While I contemplated returning to the junior college and signing up for the HAZMAT course, I stumbled upon the perfect loophole. It began with two simple words in the graduate school brochure—life experience.
I believed I had found the yellow brick road. My beloved college, unlike the state and federal government, was going to give me credit for life experience. Forget all that nonsense about years of school ahead of me. I had discovered a shortcut. I excitedly explained to my new counselor that I had two decades of life experience. I waited for her to type that into her computer and transform my journalism degree into a social work degree.
She cheerfully pointed out that I didn’t have life experience as a social worker. I showed her my trump card—752 hours of CEUs. She said she was impressed with all my hard work, but informed me that none of the hours were in social work. It was time to stop living a lie. I begrudgingly signed up for the MSW program and resigned myself to earning a degree in a field that I believed I knew everything about to keep a job I already had.
Fast Forward Two Years
I could write a book about my social work education adventure, but I will keep it brief. I admit that I was not a willing participant in the beginning. I felt that I did not belong in a program with starry-eyed amateurs who wanted to change the world. I worked in the real world, and I was only here to satisfy everyone else. I was disappointed when I discovered that I had a lot to learn and that social work was hard work.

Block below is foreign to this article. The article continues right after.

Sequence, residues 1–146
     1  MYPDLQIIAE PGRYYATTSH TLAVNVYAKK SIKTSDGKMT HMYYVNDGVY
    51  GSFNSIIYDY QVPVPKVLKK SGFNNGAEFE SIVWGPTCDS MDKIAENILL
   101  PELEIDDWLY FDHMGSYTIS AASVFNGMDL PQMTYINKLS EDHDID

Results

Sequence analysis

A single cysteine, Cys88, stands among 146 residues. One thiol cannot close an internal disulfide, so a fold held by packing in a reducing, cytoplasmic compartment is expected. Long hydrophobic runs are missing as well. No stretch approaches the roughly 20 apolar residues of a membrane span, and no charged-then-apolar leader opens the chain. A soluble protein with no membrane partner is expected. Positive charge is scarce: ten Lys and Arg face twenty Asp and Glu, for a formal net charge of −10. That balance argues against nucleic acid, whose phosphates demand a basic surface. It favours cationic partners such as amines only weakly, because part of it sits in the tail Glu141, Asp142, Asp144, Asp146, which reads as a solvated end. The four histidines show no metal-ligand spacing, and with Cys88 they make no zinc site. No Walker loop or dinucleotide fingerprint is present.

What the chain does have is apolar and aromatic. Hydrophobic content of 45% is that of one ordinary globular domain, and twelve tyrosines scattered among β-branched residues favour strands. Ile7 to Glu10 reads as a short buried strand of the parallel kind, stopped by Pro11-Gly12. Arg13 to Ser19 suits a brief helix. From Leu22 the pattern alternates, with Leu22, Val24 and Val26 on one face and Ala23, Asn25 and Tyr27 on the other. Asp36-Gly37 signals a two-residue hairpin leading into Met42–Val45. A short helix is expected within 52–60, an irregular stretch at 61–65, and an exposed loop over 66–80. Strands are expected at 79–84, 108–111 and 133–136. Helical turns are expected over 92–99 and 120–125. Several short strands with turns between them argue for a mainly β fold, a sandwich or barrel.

Yet, the hard work was also fascinating and rewarding and promised more than a career at its conclusion. I had phenomenal internships that provided me with experiences at the micro, mezzo, and macro levels. I developed a passion for policy and found myself drawn to the business side of social work—administrative practice.
My 20 years of life experience was essential to my growth as a social work professional, but it was not enough. Once I stopped resisting, I could see that my social services experience perfectly complemented a career in social work. The knowledge I gained in the classroom flowed seamlessly into the real world experiences of my internships. I began to appreciate how my journalism training would enhance my work as a social work practitioner.
As I utilized my social work knowledge from my courses during my internships, I felt I was no longer living a lie. What I initially viewed as a career detour had become an amazing opportunity. In my social work journey, I learned about the history, ethics, theories, research, and the practice of social work. I learned how to think and even how to think about my thinking. I learned an invaluable life lesson about shortcuts. If you can avoid them and take the longer route, you often find yourself enjoying the ride.
Now, when anyone asks me what I do for a living, I can respond honestly, “I am a social worker.”
Julie Claypool is a May 2013 MSW graduate of the University of St. Francis and holds a B.A. in Journalism/Communications from the same university.